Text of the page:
Black Slavonian Pig

The creation of the Pfeiffer, an autochthonous Croatian breed

The Black Slavonian Pig is an autochthonous Croatian breed created in the 1860s by crossbreeding on Pfeiffer’s estates, which is why it was called the Pfeiffer.

Half-brothers Karl Leopold and Felix Pfeiffer pooled the capital acquired from the pig trade in Hungary, and from the mid-19 th century they bought up parts of the manorial estate of Ladislav and Bela Adamović Čepinski. Immediately, strong agricultural production began on these estates/wastelands of (Lower and Upper) Orlovnjak and Ovčara.

Orlovnjak Estate

There they had pig feedlots with various residential and farm buildings. On these wastelands, they crossed sows of Lasasta mangulica breed with imported boars of the black Berkshire, Poland China and Cornwall breeds.

This is how the Black Slavonian Pig with a short body and ash-colored skin covered with medium-long bristles was created. Its quality was manifested in early maturity, fertility and better fleshiness.

Who was Karl Leopold Baron Pfeiffer?

He was born in 1834 in Sopron, a town in the northwest of today’s Republic of Hungary, and died in Vienna on 27 March 1913. He was transported to Osijek and buried in the family chapel at the Donji grad Cemetery.

He came from a wealthy German merchant family, which dealt exclusively in the pig trade. He came to live in Osijek from Hungary in the 1850s. For many years, he was the head of the Vuka River Regulation Cooperative. In 1903, he received hereditary nobility and baronetcy from Emperor Franz Joseph I.

Trade and cultivation are an inseparable link

In addition to raising pigs, the Pfeiffers also raised Podolian cattle and were engaged in trade.

In particular, they focused on the trade of quality breeds, the so-called Pfeiffer pigs. They were shipped to markets throughout the Austro-Hungarian Monarchy (Hungary, Austria) and Prussia, i.e. to the German market.

The Pfeiffer pig was particularly in demand on the mentioned markets, because in the second half of the 19 th century, when livestock diseases were common, it was extremely resistant to these diseases and had excellent quality meat, extremely suitable for processing traditional dried meat products.

European and global recognition

The quality, value and recognizability of this autochthonous Croatian breed are confirmed by awards at world and international expositions (fairs), where one specimen of each breed was sent.

That is how the breed was noticed and praised as early as 1873 in Vienna at the World’s Fair, and in 1885, at the International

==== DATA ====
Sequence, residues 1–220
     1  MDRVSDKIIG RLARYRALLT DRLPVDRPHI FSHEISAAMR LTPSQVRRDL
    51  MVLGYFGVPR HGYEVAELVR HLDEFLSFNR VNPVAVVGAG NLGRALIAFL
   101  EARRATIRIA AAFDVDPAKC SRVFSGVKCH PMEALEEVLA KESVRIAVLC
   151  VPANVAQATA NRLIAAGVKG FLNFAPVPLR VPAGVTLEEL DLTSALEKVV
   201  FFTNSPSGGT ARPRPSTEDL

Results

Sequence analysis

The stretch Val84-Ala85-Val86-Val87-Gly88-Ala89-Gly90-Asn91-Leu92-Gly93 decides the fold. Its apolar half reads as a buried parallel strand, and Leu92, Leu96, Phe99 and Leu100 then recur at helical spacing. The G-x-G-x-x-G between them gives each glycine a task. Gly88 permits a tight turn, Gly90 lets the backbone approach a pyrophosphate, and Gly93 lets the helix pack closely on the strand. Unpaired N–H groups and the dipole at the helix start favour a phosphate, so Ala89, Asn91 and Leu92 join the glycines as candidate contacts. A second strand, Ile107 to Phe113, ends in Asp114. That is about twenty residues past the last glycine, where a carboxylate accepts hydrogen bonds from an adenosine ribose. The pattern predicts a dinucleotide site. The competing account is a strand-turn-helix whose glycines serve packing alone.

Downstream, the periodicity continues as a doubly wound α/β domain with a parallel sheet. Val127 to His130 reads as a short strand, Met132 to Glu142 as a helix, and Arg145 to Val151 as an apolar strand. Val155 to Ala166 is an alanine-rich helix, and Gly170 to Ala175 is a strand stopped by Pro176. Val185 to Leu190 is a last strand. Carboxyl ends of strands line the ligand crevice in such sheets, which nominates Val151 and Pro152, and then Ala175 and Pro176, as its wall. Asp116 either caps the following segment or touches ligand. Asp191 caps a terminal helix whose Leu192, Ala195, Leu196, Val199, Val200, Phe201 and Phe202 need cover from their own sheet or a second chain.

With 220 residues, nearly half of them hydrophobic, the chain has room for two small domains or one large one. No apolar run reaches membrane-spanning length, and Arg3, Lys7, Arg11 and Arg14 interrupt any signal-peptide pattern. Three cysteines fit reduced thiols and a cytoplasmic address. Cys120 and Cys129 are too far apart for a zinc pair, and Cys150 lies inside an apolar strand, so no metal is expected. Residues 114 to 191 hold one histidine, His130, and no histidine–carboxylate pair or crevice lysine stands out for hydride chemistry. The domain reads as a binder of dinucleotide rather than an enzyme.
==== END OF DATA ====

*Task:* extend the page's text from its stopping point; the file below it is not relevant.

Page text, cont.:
Exposition in Budapest, the Pfeiffer pig breed was particularly distinguished and awarded.

It not only received recognition but also a cash prize worth 700 francs in gold. Returning to Osijek with this prestigious award, the Pfeiffers donated that sum of money to the City of Osijek with the aim of using it to help the poor people of the city.

The Pfeiffer pig among the sculptures of indigenous domestic animals

The fact that in 1899 the famous sculptor Robert Frangeš Mihanović stayed on the property of Dragutin (Karl) Leopold Baron Pfeiffer in Orlovnjak, speaks of the fame of the Pfeiffer black pig, not only for the quality of its meat but also for its appearance.

During a tour of Slavonia, i.e. farms and agricultural estates, stables, state stud farms and former manors, he modeled the sculptures of autochthonous animals in the closest contact with nature.

There, according to the order of the Economic Department of the National Government in Zagreb, he made sculptures of Croatian/autochthonous domestic animals for his performance at the 1900 Paris Exposition. Thus, in Orlovnjak, he made a model of a Pfeiffer pigs sculpture, which, along with other animal sculptures, was exhibited at the Paris Exposition and was awarded a gold medal.

Breeding characteristics

Breeding of the Black Slavonian Pig for autochthonous dried meat products such as OINK Kulen takes 50% longer than the breeding of hybrid meat pig breeds. This difference is felt in the quality of the meat.

The meat of the Black Slavonian Pig is darker, the muscle fibers are firmer, and the percentage of meat juice release is significantly lower. The proportion of intramuscular fat is higher, which has a positive effect on the texture of the meat and the quality of taste.

Pigs raised on large farms are exposed to stress, which is reflected in poorer meat quality. The Pfeiffer pig is grown outdoors on our farm, it grows slower than its hybrid cousins, but that is why the meat is of excellent quality and has a special taste.

The Black Slavonian Pig is under the protection of the National Program for the Preservation of Autochthonous and Endangered Breeds of Domestic Animals in the Republic of Croatia. Three more domestic breeds are under protection – Turopolje pig, Banija spotted pig and tufted mangulica from Podravina.